Pennsylvania’s Professional Nursing Law does not require a nurse whose license is automatically suspended because of a felony drug conviction to wait 10 years before seeking reinstatement, the state Supreme Court said, rejecting the State Board of Nursing’s recently adopted interpretation of the statute.
The high court said the board has the discretion to reinstate suspended licenses as soon as it sees fit to do so, provided the decision is made in accordance with its regulations.
The justices unanimously ruled Nov. 22 in McGrath v. Bureau of Professional and Occupational Affairs, State Board Of Nursing that the Commonwealth Court had not erred in overruling its own 2014 decision in Packer v. Bureau of Professional and Occupational Affairs, Department of State, State Board of Nursing.
In Packer, the Commonwealth Court ruled that, when a nurse is convicted of a drug felony, Sections 15.1(b) and 15.2 of the state’s Professional Nursing Law require an automatic license suspension to last for a mandatory period of 10 years before he or she can seek reinstatement. The decision upheld the board’s then-new interpretation of the law, which it had adopted in 2013.
In its August 2016 ruling in McGrath, however, a split en banc panel of the Commonwealth Court overruled Packer, saying the decision’s “punitive interpretation of the ambiguous statutory provisions of the Nursing Law violates the principle that ambiguities in penal statutes must be strictly construed against the government.”
On appeal to the Supreme Court in McGrath, the board asked for a determination on whether the Commonwealth Court was bound to uphold its prior ruling in Packer, setting up the potential for the justices to tackle the tricky issue of how much weight appellate courts should give to the doctrine of stare decisis.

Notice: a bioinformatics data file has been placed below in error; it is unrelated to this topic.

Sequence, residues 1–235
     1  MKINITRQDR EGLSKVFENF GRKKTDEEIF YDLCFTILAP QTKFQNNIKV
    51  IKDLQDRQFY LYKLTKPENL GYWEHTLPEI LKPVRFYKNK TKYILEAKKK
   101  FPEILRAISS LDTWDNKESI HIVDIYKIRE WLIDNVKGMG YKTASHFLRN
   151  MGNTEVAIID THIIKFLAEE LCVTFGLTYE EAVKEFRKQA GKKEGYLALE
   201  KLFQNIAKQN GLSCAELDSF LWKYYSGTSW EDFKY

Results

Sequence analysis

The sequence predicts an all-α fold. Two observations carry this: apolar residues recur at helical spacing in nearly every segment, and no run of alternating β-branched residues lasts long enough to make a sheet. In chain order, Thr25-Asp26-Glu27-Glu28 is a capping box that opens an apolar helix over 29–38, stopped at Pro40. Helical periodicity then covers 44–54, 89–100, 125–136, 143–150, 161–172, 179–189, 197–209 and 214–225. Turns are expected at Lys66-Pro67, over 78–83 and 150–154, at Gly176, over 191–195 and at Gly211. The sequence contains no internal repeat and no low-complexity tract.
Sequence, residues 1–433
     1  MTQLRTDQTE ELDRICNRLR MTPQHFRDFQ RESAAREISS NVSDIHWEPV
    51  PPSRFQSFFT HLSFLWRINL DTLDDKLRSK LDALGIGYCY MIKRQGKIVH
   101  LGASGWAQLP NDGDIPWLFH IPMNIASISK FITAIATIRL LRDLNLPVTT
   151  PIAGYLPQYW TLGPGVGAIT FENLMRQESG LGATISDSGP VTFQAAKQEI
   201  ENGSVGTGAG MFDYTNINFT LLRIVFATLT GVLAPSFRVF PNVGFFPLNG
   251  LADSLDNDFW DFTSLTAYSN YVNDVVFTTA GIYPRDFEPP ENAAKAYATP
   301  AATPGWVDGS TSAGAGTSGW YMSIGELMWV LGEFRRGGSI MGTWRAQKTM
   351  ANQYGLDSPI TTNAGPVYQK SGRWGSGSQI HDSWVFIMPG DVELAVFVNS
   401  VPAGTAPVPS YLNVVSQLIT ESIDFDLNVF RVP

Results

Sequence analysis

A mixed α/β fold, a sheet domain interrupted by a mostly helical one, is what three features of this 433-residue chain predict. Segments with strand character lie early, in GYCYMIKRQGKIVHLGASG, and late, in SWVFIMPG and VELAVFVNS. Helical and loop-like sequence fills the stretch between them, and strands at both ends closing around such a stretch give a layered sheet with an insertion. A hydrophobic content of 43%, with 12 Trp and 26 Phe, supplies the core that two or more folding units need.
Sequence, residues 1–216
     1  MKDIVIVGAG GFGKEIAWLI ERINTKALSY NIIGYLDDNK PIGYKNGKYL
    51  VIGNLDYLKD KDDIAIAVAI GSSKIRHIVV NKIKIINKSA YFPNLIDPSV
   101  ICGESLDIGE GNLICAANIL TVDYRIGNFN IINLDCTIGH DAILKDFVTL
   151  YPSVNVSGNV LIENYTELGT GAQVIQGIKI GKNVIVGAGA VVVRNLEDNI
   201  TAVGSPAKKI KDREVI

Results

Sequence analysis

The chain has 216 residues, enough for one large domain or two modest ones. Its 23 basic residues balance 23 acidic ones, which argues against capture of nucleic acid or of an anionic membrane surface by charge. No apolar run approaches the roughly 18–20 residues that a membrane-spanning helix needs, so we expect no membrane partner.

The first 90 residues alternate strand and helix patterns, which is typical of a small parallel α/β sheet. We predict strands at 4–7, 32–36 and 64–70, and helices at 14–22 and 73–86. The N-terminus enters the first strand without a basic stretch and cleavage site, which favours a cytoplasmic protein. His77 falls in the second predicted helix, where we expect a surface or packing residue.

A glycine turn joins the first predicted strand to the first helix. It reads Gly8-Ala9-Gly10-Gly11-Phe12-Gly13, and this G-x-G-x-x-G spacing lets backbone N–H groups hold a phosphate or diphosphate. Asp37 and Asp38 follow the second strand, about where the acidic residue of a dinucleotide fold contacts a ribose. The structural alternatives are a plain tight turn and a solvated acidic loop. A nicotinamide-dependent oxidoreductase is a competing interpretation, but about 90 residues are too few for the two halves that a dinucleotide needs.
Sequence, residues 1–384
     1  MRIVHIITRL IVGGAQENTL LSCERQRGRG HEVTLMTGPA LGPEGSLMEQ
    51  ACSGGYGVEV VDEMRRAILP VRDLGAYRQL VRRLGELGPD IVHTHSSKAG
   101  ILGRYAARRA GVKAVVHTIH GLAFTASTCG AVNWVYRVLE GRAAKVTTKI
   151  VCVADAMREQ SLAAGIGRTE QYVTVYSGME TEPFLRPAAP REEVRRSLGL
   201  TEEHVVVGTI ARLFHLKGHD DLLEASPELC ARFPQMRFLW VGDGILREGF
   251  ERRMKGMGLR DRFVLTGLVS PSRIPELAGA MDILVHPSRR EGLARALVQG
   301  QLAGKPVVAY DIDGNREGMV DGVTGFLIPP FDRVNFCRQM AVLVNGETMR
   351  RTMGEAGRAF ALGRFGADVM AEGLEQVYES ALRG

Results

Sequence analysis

Instead, however, the justices quickly dispensed with that issue in a footnote, noting that an en banc panel of the Commonwealth Court is authorized to overrule a three-judge panel.
“Furthermore, where, as here, this court undertakes de novo resolution of a legal issue, any assessment concerning the propriety of the intermediate court’s failure to follow its own precedent on that issue is immaterial,” Chief Justice Thomas G. Saylor wrote for the majority.
What the case really came down to, then, was statutory construction.
Plaintiff Shannon McGrath’s nursing license was suspended for 10 years after she was convicted of one count of acquisition or possession of a controlled substance by misrepresentation, fraud, forgery, deception or subterfuge.
McGrath appealed, arguing that while the Nursing Law limits the board’s ability to reissue a revoked license by requiring it to follow the rigid terms of Section 15.2, the law affords the board wide discretion in reissuing suspended licenses on a case-by-case basis.
A 5-2 majority of the Commonwealth Court en banc agreed, noting that Section 15.1(b) provides for automatic license suspension, not revocation, when a nurse is convicted of a drug felony.
“Reissuance of suspended licenses is addressed only in Section 15, which provides the board with broad discretion for reissuing such licenses,” said Judge Renee Cohn Jubelirer, writing for the court. “Section 15 expressly states that revocations are governed by Section 15.2, which provides either a five-year or 10-year revocation period when read in conjunction with Section 6(c)(1).”